2016 was the year that AI started to get really exciting in the wider world. Deep machine learning, self-driving cars, voice-driven user interfaces - we've seen a step change in both expectation and achievement. And in games-y news, Elon Musk's AI company has just announced an initiative, 'Universe', that trains AI agents in general intelligence skills by having them play thousands of games - everything from Flash-based browser games to GTA V.
So AI is hot right now. And I've had variations on the same conversation many times in the past few months. 'So,' people say, 'your thing is game narrative. Procedurally generated narrative keeps getting better. AI is the new hotness. Are you about to become obsolete? Aren't you worried?'
I'm not terribly worried. Procedural content generation can do a lot of things that writers and designers would otherwise have to do manually. But spreadsheets can do a lot of things that accountants and project managers would otherwise have to do manually. Spreadsheets haven't yet made accountants and project managers obsolete. I mean in the end we'll likely all of us become obsolete - machines will end up doing accountancy and project management and writing and neurosurgery - but we're a long way from that.
"The key insight is that story is not the same as words, any more than buildings are the same as bricks."
So why do people keep asking me that question? Why does it seem intuitively reasonable that it would be practical-ish, soon-ish, to automate the creation of stories - to have the Story Machine, the Infinite Content Generator, the holodeck where AI agents generate their own dramas, or have a rule system churn out story that slots into the gameplay?
First of all, honestly, it's because story is the red-headed stepchild of game development. There have always been great game narratives, and the bar continues to rise. But it's impossible to imagine videogames without art or tech, and there are plenty of videogames with minimal story, or no story at all. So we get a lot of schlock. And when someone says 'a machine could do that', often what they mean is 'even a machine could do that'.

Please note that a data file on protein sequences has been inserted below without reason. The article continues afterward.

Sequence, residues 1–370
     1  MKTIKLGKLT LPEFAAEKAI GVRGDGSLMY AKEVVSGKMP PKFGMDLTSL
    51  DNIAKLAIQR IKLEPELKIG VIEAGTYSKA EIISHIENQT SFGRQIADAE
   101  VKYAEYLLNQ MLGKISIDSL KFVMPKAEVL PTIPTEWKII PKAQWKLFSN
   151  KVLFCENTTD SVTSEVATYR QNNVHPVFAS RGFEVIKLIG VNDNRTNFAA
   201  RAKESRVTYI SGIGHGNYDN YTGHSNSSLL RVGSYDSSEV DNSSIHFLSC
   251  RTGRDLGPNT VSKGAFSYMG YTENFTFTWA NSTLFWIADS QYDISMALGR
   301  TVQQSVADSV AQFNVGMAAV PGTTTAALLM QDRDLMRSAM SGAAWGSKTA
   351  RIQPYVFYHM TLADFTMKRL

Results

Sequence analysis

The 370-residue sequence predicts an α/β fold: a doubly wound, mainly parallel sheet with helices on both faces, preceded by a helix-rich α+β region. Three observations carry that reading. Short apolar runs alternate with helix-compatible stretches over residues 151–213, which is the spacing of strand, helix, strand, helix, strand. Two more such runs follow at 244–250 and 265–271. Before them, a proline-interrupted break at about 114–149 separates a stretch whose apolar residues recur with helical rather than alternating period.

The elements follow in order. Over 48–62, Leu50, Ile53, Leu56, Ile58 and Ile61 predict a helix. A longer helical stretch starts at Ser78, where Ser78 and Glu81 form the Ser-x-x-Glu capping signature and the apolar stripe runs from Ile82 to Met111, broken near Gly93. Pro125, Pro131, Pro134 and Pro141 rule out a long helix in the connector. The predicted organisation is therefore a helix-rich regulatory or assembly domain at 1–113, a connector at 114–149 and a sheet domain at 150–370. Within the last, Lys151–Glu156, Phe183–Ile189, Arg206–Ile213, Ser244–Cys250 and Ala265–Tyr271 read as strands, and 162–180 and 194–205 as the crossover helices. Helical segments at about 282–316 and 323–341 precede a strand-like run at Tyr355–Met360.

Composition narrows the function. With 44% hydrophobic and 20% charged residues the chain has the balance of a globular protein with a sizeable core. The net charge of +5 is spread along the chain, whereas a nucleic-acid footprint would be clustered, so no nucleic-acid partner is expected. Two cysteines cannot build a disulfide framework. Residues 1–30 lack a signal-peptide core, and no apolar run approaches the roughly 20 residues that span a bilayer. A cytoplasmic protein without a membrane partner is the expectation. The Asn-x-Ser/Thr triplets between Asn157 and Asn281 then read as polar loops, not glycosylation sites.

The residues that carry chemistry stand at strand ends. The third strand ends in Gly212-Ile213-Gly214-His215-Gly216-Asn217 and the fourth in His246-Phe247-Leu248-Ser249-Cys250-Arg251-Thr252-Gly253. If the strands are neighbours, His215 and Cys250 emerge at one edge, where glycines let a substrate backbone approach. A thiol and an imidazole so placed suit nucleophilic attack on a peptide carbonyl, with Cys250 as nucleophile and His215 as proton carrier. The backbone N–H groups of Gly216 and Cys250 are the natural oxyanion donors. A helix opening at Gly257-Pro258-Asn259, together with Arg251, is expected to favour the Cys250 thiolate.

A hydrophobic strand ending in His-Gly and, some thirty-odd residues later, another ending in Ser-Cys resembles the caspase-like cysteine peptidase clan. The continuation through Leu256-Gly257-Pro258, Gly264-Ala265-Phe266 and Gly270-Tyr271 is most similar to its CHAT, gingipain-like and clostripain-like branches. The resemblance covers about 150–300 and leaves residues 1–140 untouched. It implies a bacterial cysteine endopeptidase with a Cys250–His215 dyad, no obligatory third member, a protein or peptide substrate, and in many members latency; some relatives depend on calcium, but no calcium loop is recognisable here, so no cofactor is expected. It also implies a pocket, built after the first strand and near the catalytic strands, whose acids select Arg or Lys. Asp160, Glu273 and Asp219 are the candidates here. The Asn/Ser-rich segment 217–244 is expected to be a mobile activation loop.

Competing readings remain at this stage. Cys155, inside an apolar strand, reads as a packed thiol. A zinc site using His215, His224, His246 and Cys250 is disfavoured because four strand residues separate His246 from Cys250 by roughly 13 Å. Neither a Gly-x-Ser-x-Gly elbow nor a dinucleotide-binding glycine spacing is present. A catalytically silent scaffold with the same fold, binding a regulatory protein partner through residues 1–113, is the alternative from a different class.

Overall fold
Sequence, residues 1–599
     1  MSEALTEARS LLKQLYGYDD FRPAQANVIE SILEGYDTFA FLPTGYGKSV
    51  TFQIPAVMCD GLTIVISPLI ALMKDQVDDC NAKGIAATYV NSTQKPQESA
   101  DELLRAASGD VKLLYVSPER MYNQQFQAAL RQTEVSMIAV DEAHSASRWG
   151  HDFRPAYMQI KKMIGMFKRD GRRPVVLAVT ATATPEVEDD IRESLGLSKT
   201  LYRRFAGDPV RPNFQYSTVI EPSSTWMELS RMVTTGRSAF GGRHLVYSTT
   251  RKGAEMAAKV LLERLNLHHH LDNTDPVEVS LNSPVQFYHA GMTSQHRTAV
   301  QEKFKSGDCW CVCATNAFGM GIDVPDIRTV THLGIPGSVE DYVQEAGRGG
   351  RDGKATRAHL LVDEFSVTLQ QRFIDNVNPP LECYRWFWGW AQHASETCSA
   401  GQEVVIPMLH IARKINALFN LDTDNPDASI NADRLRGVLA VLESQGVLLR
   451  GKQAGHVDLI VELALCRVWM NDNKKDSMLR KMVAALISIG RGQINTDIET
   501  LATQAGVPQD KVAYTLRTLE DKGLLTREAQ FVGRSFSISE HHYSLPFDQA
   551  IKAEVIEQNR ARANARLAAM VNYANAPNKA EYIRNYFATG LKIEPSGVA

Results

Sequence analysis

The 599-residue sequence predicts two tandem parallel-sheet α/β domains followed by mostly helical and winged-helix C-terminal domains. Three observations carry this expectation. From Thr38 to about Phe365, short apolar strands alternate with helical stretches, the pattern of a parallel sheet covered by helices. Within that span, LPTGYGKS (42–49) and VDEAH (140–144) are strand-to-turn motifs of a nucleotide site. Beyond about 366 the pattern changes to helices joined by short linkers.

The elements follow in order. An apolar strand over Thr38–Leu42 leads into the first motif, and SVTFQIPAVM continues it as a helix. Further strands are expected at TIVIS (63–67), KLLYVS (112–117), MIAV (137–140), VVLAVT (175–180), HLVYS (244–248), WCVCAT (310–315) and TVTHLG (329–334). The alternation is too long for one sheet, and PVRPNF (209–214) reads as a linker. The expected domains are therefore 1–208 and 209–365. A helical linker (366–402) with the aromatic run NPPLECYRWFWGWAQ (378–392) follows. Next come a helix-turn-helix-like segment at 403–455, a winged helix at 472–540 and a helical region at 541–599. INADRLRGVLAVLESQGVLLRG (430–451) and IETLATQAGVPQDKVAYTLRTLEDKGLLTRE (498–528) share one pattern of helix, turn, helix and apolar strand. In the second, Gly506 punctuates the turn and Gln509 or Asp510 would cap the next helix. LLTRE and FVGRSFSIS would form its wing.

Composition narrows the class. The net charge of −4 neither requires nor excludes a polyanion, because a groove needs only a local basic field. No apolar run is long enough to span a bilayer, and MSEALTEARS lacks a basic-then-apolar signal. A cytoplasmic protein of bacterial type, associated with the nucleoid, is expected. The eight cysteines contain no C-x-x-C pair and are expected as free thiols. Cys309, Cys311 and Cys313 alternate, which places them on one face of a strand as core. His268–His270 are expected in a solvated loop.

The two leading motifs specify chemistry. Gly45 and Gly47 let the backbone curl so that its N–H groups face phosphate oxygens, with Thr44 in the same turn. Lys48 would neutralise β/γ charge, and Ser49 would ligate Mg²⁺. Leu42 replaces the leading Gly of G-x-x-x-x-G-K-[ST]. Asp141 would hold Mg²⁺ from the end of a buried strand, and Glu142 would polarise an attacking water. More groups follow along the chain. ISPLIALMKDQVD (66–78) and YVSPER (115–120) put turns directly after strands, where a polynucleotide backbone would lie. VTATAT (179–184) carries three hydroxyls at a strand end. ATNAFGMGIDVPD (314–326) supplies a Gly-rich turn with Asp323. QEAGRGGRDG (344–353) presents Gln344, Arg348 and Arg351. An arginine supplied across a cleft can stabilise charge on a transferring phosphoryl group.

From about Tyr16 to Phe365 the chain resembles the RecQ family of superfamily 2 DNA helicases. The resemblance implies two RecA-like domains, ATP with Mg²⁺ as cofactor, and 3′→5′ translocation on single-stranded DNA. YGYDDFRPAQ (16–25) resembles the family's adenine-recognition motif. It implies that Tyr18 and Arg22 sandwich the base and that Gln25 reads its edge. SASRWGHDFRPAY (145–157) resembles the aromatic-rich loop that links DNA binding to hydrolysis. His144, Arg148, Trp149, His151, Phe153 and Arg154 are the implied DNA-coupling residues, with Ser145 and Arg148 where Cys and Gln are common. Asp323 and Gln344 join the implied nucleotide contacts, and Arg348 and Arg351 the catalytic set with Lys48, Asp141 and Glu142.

But there's more to it than that. I think that people see machines constantly putting the right words in the right order - and after all, that's ultimately what writing is. Of course it's much easier to put words in some kind of right order than other kinds of right order, but the difference isn't always obvious - again, especially when game content embarrassingly often looks like filler.
The key insight is that story is not the same as words, any more than buildings are the same as bricks. It's very easy to automate the creation of bricks, and a building may be composed mostly of bricks. So we can automate the creation of buildings, right? Intuitively, we know that's wrong. Partly this is because buildings also have foundations, cabling, roof tiles - but of course story also has plot, worldbuilding, theme. But partly this is because we understand immediately that it's fundamentally a different kind of problem to arrange a hundred thousand bricks in the shape of a wall than to arrange a hundred thousand bricks in the shape of a library. In the same way, it's a fundamentally different kind of problem to arrange a hundred thousand words into a good novel than it is to arrange a hundred thousand words into a series of procgen madlib gags - as the Magic Realism Bot wonderfully demonstrates.
" You could say that gameplay is the stuff that keeps happening over and over again, and story is the stuff that keeps happening that's different"
Consider a traditional RPG - something like Diablo - which uses light procedural generation to create levels, place monsters, generate loot. A lot of the quests in Diablo are pretty templatey. I frequently see people suggest that in this kind of situation, you could break down quests into standard components, and reassemble those components jigsaw-wise into new quests. You could, and this is what a lot of procedurally generated quest systems look like. But that's the point - they look procedurally generated.
You could say that gameplay is the stuff that keeps happening over and over again, and story is the stuff that keeps happening that's different. You can play Tetris or DOTA or Civilisation for hundreds of hours and keep seeing the same thing happen in a different orders and contexts and it'll feel like satisfying gameplay, but if you see the same story happen in different orders and contexts, you'll stop caring about it quite quickly. You'll see the same patterns. So when a player wants more story in a game, what they actually often want is more interesting and novel things in the game. That's not just a resource problem. It's also a design problem.